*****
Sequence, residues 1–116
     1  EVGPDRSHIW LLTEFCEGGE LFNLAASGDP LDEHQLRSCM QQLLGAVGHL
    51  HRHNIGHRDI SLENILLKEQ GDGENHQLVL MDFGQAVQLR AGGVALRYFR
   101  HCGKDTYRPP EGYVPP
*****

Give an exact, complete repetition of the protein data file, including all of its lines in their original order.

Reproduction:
Sequence, residues 1–116
     1  EVGPDRSHIW LLTEFCEGGE LFNLAASGDP LDEHQLRSCM QQLLGAVGHL
    51  HRHNIGHRDI SLENILLKEQ GDGENHQLVL MDFGQAVQLR AGGVALRYFR
   101  HCGKDTYRPP EGYVPP